Often the best ideas are born from boredom and a burning desire for change.
When Pittsburgh native Lauren Goshinski and partner Quinn Leonowicz grew restless with DJing, they decided to do something they had never done before—organize a massive festival in only four months.
The first annual VIA Music and New Media Festival brought together more than 40 DJs, bands, and artists from around the world who specialize in new media, animation, and interactive art during one autumn weekend in 2010. With funding from a Sprout Seed Award, the VIA co-founders transformed the 31st Street Studios in Pittsburgh’s Strip District into a multi-stage venue with high-tech projections, video games, and electronic music performances. About 2,000 people attended over the course of three days.
The festival was considered a huge success, and gave the founders the confidence to keep VIA going year-round, as an annual festival and with smaller one-off shows, said Goshinski. Keeping VIA alive beyond the festival also meant the core group of six DJs who comprise the production team—Goshinski , Leonowicz, Matt McDermott, Edgar Um, Paul Fleetwood, and Aaron Clark—could continue working together.
“At the heart, it’s just six people learning as we go, taking risks and trying to do a festival in the coolest way we know possible. It’s a DIY endeavor, and it’s been gratifying to have people support to the level
they have thus far,” said McDermott, who relocated to Los Angeles but continues to help book music for VIA.
Now, two years into it, the VIA Music and New Media festival has morphed into a week of collaborative performances, installations, lectures, film screenings and workshops. Scheduled for October 1 through October 6, the pop-up style festival will take place primarily at venues in East Liberty, including VIA’s new permanent home at 6119 Penn Ave, as well as Carnegie Mellon University, Pittsburgh Filmmakers, and the Warhol Museum.
The beauty of VIA is that no event will ever be the same twice, said Leonowicz. Although it’s becoming popular for musicians to tour with an A/V set, when musicians are booked as part of a VIA show, it might be the only instance in their entire tour when they perform with a selected video artist, he said. Playing matchmaker for audio and visual artists allows Leonowicz and Goshinski to create thoughtfully curated, one-of-a-kind shows.
Elevating Underserved Artists in Pittsburgh
A magical match came together at the 2011 VIA Music and New Media Festival. While London electronic duo Walls played driving beats and dreamy melodies to a captivated audience at the Rex Theater, Pittsburgh artist Matt Wellins stood offstage creating abstract art with household items, such as shaving cream, baking soda, and paint. His work was streamed live on two giant screens behind the musicians. It was low-fi meets high-tech, but the result was “unbelievably effective, humorous and beautiful,” said Lauren Goshinski.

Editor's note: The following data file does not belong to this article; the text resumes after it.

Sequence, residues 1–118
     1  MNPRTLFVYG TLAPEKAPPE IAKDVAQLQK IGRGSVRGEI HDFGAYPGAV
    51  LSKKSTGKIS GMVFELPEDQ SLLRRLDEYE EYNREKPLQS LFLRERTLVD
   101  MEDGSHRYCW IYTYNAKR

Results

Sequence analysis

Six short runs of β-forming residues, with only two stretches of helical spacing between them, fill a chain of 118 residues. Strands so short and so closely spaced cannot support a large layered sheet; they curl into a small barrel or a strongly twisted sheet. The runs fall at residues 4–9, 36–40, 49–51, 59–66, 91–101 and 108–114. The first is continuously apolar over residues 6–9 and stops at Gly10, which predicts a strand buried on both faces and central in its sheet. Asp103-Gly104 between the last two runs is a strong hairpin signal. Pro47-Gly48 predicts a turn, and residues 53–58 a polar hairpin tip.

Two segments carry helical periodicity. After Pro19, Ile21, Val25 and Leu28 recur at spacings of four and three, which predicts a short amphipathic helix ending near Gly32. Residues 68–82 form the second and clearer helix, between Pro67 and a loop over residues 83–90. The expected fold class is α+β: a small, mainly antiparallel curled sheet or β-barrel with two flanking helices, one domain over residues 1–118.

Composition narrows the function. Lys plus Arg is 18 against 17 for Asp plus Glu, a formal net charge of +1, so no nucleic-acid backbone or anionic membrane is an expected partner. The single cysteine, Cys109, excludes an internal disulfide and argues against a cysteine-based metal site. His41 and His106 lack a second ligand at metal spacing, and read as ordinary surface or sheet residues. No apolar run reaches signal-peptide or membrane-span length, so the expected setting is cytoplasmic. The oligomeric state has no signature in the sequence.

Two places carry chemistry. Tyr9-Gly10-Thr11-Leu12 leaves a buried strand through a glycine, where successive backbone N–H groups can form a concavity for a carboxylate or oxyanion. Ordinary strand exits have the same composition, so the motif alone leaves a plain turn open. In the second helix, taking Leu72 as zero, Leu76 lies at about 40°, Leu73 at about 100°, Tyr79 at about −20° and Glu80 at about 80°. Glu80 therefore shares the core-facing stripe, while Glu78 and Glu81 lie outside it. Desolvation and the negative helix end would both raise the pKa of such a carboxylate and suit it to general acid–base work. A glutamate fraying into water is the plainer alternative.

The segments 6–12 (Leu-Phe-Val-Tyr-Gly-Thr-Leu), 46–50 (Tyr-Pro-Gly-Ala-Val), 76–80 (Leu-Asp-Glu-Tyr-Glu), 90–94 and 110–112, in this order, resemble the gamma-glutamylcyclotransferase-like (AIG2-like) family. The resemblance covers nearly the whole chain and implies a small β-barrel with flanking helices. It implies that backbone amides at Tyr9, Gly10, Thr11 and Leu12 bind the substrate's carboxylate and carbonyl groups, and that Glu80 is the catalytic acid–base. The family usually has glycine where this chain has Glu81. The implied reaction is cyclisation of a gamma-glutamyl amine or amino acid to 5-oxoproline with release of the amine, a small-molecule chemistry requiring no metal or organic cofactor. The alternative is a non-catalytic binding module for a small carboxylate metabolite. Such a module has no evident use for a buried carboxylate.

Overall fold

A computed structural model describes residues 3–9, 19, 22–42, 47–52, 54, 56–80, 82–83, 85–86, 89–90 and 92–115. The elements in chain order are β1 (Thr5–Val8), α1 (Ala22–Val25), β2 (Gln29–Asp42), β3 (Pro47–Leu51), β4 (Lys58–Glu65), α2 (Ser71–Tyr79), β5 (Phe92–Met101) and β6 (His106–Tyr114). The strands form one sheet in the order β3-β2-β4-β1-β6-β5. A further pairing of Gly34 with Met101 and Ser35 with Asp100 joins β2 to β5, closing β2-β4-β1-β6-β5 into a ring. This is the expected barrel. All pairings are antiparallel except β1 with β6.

The decision to pair Wellins with Walls proved to be mutually beneficial—Wellins received international press, and Walls was so pleased that they commissioned the artist to create a video for their tour.
While VIA has booked artists from countries around the world, it was formed primarily to provide an outlet for Pittsburgh artists. Thirty percent of bookings include Pittsburgh-based performers, said Goshinski. She believes there are talented people in the city who deserve to be on the stage just as much as international acts.
Wellins said VIA plays a crucial role in advocating for Pittsburgh artists like himself. “There are opportunities for bands, people who do theater, and people who make films—but VIA is serving a type of artist and a type of audience that is otherwise unacknowledged.”
Partners make it possible
Goshinski and Leonowicz have grown VIA into a well-respected “festival as laboratory” that has earned international acclaim from Resident Advisor, Dummy Magazine, and many other national and local publications. Still, for all their success, the co-founders are humble, deflecting praise to the people who have helped them make it all possible—partners, sponsors, and volunteers.
“This programming wouldn’t happen without CMU, Vitamin Water, and the Sprout Fund. Outside of ticket buyers, these sponsors have allowed us to do what we want to do on this scale.”
To provide workshops and lectures during the festival, VIA partners with assemble gallery—a community space for arts and technology—Carnegie Mellon University, STUDIO for Creative Inquiry, and Pittsburgh Filmmakers. Workshops are free and all-ages to enable anyone to participate.
Both Goshinski and Leonowicz, along with their core team, have full-time jobs, and their paychecks help to cover some of VIA’s expenses. They said that their goal would be to someday create jobs and employ people.
For now, Goshinski said, “We don’t know how to thank people except to keep putting on good events.”
Written by Courtney Patterson